Some of this week’s debate about ‘whither new Labour’ makes me think we’re debating short words at a time of huge global changes. But there’s no doubt that in the space of a fortnight, what John Prescott called ‘the tectonic plates’ of politics have moved decisively. New Labour has shown once again that its home ground is the centre ground. But David Cameron, in a twist that has become the hallmark of recent Tory bids for definition, has ended any bid to stick to the centre in favour of an approach that can only be described as ‘rolling back the years’, back to the 1980s. Cameron’s ‘new Labour’ moment is over. The Tories have reverted to type. And what’s now clear is that they now have no plan for the downturn – and crucially no plan for a fairer society when an upturn comes.
Cameron can sound different to Thatcher. He draws on different Conservative traditions. But both Thatcher and Cameron’s stories have the same ending; roll back the state; accept as inevitable unfairness today and social division tomorrow.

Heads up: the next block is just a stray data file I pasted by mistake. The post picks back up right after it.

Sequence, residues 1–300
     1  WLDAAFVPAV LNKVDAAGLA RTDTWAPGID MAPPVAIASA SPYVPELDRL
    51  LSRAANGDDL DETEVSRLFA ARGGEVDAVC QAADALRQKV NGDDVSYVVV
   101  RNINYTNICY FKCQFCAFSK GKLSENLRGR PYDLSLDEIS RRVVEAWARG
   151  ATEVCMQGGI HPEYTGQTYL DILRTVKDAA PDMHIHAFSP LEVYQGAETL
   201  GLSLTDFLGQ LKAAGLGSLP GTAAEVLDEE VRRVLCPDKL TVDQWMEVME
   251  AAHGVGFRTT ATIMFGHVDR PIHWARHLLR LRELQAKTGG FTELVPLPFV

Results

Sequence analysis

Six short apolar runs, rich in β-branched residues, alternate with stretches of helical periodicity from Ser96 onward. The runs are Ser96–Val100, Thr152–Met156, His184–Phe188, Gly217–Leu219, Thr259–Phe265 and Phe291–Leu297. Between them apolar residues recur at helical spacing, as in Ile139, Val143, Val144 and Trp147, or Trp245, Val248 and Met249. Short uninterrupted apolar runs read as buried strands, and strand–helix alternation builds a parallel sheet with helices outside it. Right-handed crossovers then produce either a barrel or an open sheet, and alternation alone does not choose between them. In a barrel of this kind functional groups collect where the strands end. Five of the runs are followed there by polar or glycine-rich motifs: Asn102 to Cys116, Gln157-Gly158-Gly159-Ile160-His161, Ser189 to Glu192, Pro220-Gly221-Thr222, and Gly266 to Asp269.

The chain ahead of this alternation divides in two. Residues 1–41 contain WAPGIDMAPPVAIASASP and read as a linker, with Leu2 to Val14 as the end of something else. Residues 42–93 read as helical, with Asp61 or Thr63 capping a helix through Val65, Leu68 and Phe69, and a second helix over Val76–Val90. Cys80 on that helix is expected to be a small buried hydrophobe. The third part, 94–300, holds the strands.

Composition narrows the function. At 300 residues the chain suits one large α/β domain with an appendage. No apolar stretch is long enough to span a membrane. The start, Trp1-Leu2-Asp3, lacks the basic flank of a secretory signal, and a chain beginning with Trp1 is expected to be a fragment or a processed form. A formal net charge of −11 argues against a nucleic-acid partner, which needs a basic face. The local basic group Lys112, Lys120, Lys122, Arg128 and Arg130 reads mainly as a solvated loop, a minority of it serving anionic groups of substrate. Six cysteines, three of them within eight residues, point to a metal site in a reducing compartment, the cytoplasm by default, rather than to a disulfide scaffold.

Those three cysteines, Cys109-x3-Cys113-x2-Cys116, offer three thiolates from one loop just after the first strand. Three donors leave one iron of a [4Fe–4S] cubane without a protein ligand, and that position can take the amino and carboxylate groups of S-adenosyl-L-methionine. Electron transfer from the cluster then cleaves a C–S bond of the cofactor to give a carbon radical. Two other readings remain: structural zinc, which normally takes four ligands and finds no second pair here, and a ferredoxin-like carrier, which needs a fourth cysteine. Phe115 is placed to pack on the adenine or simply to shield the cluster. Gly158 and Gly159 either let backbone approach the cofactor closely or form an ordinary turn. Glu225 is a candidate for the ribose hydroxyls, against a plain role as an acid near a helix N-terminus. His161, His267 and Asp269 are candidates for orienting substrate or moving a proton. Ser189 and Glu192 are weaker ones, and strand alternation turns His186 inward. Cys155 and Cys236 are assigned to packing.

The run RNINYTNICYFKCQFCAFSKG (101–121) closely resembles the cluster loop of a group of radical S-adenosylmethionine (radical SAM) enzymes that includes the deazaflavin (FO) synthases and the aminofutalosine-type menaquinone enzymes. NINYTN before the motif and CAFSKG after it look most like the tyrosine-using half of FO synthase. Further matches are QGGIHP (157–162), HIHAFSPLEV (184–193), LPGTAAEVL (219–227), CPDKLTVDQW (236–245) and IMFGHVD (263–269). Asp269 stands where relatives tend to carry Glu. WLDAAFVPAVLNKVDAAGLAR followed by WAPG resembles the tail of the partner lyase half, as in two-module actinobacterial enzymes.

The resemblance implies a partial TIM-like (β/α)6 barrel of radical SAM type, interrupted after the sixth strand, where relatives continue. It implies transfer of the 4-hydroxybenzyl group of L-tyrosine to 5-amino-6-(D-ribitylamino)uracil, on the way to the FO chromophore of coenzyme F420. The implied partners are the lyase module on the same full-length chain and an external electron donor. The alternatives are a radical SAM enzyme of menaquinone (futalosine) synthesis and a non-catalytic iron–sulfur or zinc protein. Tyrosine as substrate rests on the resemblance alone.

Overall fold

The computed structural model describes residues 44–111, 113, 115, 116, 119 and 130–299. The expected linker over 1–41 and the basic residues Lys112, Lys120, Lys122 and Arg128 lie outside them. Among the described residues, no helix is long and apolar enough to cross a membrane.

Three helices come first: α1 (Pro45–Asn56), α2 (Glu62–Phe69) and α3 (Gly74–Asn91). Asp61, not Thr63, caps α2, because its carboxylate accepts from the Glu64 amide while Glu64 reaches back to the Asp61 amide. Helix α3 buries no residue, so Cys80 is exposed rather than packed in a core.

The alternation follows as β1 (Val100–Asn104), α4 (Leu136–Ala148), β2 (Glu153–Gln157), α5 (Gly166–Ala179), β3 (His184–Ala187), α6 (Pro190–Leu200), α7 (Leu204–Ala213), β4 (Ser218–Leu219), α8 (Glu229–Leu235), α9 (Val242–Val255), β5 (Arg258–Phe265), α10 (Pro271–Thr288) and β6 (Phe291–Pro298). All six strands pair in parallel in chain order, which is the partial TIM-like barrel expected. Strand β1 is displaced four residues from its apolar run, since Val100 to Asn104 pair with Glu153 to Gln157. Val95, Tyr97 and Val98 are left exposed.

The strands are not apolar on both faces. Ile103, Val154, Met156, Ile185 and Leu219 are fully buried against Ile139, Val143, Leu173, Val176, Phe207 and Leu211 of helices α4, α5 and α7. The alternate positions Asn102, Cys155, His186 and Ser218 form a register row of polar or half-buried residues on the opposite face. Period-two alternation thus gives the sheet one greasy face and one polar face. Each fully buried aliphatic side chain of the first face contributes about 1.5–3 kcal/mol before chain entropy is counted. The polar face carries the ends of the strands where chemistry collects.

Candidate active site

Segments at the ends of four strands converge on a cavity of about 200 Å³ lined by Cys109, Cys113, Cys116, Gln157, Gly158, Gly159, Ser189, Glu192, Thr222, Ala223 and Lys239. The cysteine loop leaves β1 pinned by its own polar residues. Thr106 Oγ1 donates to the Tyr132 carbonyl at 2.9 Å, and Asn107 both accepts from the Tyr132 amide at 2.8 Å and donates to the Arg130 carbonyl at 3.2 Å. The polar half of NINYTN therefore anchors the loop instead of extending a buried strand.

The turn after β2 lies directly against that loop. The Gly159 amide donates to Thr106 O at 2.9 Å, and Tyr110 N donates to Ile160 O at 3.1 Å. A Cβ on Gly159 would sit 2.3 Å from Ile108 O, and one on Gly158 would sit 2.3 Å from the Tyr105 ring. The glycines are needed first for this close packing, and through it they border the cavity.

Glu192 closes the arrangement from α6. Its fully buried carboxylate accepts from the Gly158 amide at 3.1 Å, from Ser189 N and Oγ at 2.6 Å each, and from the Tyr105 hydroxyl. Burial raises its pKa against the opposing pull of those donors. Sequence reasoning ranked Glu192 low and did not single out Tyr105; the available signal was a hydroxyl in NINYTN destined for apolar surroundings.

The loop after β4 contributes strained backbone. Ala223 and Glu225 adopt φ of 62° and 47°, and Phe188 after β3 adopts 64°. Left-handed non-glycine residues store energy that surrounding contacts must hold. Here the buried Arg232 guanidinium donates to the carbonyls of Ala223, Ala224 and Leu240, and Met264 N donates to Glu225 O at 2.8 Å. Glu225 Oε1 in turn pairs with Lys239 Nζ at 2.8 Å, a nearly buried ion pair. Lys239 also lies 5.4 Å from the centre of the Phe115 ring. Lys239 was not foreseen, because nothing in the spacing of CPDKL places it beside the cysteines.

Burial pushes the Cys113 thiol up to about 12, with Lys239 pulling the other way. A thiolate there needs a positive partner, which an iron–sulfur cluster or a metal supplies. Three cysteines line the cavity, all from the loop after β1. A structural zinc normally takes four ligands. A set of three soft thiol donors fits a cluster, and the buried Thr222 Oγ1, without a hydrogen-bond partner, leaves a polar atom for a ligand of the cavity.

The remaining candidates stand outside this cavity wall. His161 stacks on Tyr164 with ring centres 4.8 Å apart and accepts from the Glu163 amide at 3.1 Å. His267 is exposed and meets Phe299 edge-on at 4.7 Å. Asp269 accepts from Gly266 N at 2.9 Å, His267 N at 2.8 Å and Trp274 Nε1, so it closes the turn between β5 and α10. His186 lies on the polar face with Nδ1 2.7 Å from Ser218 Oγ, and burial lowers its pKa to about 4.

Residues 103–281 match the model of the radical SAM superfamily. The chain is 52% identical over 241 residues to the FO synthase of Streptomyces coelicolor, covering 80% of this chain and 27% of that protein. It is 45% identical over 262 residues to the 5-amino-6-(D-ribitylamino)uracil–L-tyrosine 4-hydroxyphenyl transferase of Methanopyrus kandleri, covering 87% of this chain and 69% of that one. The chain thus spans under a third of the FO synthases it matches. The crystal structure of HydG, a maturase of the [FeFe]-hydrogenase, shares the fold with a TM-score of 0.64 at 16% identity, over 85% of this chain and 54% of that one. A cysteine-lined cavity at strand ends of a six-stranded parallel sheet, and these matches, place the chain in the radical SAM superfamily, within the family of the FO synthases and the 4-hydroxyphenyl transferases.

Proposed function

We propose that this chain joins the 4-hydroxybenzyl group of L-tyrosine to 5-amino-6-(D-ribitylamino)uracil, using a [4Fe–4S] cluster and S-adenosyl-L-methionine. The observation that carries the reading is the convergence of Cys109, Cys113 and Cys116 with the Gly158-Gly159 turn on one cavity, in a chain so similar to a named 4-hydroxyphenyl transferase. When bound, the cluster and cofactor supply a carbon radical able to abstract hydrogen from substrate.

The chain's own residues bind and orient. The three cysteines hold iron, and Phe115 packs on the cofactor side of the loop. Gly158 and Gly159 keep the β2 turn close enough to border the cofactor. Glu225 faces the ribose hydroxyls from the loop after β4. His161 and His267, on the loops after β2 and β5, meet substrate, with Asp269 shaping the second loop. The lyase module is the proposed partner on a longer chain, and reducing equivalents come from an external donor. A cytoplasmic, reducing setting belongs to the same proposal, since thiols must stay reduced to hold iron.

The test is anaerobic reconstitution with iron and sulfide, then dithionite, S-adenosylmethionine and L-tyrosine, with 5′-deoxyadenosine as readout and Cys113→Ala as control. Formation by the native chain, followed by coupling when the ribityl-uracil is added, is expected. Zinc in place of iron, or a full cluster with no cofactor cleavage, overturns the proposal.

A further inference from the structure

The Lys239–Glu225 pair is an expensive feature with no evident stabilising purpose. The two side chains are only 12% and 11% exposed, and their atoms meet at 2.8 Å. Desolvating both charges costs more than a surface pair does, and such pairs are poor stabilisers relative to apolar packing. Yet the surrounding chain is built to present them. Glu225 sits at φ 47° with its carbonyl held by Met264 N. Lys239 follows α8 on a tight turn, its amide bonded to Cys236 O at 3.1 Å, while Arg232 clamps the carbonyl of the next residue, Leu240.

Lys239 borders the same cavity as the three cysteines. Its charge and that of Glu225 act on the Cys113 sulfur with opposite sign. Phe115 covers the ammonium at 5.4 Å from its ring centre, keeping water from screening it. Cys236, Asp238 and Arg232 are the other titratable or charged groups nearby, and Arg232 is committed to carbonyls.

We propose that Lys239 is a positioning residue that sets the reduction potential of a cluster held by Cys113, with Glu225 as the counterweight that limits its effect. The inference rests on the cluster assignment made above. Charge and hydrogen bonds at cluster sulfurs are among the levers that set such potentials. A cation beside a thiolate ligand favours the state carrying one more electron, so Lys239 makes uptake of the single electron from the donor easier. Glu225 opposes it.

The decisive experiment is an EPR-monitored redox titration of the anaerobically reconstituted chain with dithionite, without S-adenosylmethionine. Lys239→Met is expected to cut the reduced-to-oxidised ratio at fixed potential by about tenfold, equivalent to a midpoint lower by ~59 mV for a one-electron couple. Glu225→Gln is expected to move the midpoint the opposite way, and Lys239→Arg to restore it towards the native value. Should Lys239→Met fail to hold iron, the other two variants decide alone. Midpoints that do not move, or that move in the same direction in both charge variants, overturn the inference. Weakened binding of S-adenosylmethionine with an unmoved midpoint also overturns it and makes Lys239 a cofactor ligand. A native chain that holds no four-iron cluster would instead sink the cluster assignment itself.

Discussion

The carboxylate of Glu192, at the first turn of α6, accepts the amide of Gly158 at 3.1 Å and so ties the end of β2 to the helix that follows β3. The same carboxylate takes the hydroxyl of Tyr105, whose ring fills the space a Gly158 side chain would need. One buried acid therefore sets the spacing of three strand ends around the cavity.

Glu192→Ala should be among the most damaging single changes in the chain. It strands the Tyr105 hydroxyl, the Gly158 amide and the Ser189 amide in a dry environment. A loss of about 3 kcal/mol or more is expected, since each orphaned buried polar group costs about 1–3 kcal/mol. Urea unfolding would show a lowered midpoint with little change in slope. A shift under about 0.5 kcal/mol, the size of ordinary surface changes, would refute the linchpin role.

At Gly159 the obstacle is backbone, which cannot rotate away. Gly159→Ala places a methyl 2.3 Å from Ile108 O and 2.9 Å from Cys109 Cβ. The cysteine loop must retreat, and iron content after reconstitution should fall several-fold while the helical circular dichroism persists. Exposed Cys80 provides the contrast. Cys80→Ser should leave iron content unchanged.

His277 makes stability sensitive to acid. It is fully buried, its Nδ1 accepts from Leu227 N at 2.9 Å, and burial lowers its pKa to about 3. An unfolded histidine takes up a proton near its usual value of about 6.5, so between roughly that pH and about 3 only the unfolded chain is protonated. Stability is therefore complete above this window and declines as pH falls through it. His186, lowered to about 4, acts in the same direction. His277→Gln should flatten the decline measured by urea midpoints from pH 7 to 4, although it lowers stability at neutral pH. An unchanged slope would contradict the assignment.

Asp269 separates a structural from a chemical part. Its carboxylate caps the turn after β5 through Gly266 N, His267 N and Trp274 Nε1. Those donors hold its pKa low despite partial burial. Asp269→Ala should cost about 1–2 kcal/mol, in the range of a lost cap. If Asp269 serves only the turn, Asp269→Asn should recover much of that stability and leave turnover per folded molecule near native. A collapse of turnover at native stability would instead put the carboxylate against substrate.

Cameron’s once concern for a broken society may have stood the focus group test last year but it doesn’t seem to be standing the “money where your mouth is” test this year. This week we have seen the most extraodinary confusion in the Conservative party on economic policy. Yet, their big step is dropping the Tory committment to match Labour’s spending plans. In my article for Progress today I’ve set out a bit of a reminder of just how confused their economic policy has now become – but how they plan too to rip out every rung of the ladder of opportunity – Sure Starts, better schools, stronger opportunities at 16, more youngsters going to university, and workplace skills training – when the upturn comes. You can find Progress’ website here.
This week, we confirmed you will always see us stick like glue to the centre-ground – globally applauded economic management alongside absolute determination to deliver a fairer Britain. That’s always been new Labour’s way. Enduring values applied to changing circumstances. We believe that the life chances of every family and every young person can’t be put on hold. We did that in Tory recessions and we lost a generation.